Medicine Bow readies for a boom

Feb 10, 2012

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There really isn’t much to Medicine Bow.  It house roughly 280 residents and the town is just a few blocks long.  It has some abandoned buildings that show some semblance of a downtown from years past.  The two main drags are highways that take the majority to travelers to Laramie, Casper and Rawlins.  But if the D-K-R-W project actually gets underway, things could change.  Wyoming Public Radio’s Bob Beck has more.          

BOB BECK:  It’s a sunny day along highway 30 in Medicine Bow, where an occasional vehicle passes. The community’s three most popular businesses, the local bar, the convenience store and the Historic Virginian Hotel all have customers, but other than that the community isn’t exactly bustling.  Kenda Coleman is familiar with the scene, having been a resident of the community for 33 years.  She currently serves on the same town council as her son the Mayor.  Her husband is on the planning commission. 

Coleman was in the community when it still was in the midst of a uranium and coal boom and has heard various rumors about how the town would rebound…after it busted.  It’s led to some conversation in her town.

KENDA COLEMAN: They keep referring to DKRW as the famous 4 letters they are waiting to see.

BECK: But  Coleman is optimistic.   The company already has a buyer for gasoline and if that sticks, she believes this project should be different than some others.

COLEMAN:  It’s a company that’s going to utilize the resources here.  Make something better out of the resources here and they don’t have to rely on the outside so much, you know what I am saying?  They have to rely on a buyer, but they don’t have to transfer as much.

BECK: Her husband James Coleman is chairman of the town planning and zoning commission by night, and by day he is a science teacher in Hanna.  As he sits in his classroom he remembers when he first came to Medicine Bow when it housed coal and uranium workers.

JAMES COLEMAN: It had some good points and some bad points, but it was a live living town.  We had a grocery store which we don’t have now, we had gas stations, we had services for our community.

BECK: Coleman is hopeful that D-K-R-W will get them back to that point.  But he says they have to be prepared, so they have been furiously working to get the community ready for a possible population boom.  He admits that some in the community are apprehensive, but he is not among them.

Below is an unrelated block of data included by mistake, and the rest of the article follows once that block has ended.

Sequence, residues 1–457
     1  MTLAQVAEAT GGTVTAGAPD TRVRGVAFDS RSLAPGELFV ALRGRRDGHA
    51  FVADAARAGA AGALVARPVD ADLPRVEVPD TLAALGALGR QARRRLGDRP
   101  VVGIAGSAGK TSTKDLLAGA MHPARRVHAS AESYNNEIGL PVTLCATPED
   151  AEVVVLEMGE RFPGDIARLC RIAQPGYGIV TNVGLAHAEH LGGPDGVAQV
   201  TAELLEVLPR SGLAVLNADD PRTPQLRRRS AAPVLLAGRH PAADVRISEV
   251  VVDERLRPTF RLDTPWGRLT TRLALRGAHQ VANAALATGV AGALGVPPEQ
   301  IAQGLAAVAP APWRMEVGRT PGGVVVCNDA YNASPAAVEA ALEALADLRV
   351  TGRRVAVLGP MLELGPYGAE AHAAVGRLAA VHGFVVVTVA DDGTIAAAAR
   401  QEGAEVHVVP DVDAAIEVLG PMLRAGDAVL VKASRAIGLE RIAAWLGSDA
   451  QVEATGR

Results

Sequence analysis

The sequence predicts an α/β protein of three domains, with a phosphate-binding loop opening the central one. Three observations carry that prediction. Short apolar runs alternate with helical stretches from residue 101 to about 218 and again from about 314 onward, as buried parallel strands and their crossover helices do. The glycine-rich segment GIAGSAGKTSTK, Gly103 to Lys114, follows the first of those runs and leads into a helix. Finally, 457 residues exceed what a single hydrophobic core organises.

JAMES COLEMAN:  We need to grow, because small quiet communities all too often disappear into the sand and we don’t want to do that.

BECK: And grow it will.

TOM SHROEDER: The in-migrating workforce should be considerable.

BECK: That’s Tom Schroeder of the Department of Environmental Qualities Industrial Siting Division.  He says the town of just over 280 people, could grow to just over a thousand.  Some of the workers will be short term and simply require temporary housing.   But others will be there long haul.  Schroeder is also projecting that if the company is successful, Carbon County could see some spinoff companies.

While many are excited, there are others that have mixed emotions. Inside city hall sits Public Works Director Charlie George who’s been working on the project since 2006. 

George says the company is close to acquiring the financing to move forward, but he quickly adds that the town of Medicine Bow is nowhere close to being able to pay for the needed infrastructure. 

CHARLIE GEORGE:  It’s hard to understand exactly how much impact it’s going to be on a small town.

BECK: George says the challenge is to not do too much too early, in case the project does fall apart.  But since it appears to him that it is going to move forward, they have been working on a few key things.

GEORGE:  We’re replacing eight miles of our water transmission line from the well to our treatment plan.  Another we are working on is a police department.  Another issue that we are looking at is housing, trying to figure out  how are we going to get a developer or builder in here and seeing the same things we are seeing and maybe want to invest in the town of Medicine Bow.

BECK: George remains worried that the state will hesitate in providing impact money to the town because he says Medicine Bow has no way to pay for a lot of what’s needed.  He also is expecting the companies to step up.  So does George have mixed emotions?

GEORGE:  Laughs, You know I try not to let that show, but you have to guard yourself.

BECK:  But he’s hoping for the best.

For Wyoming Public Radio, I’m Bob Beck.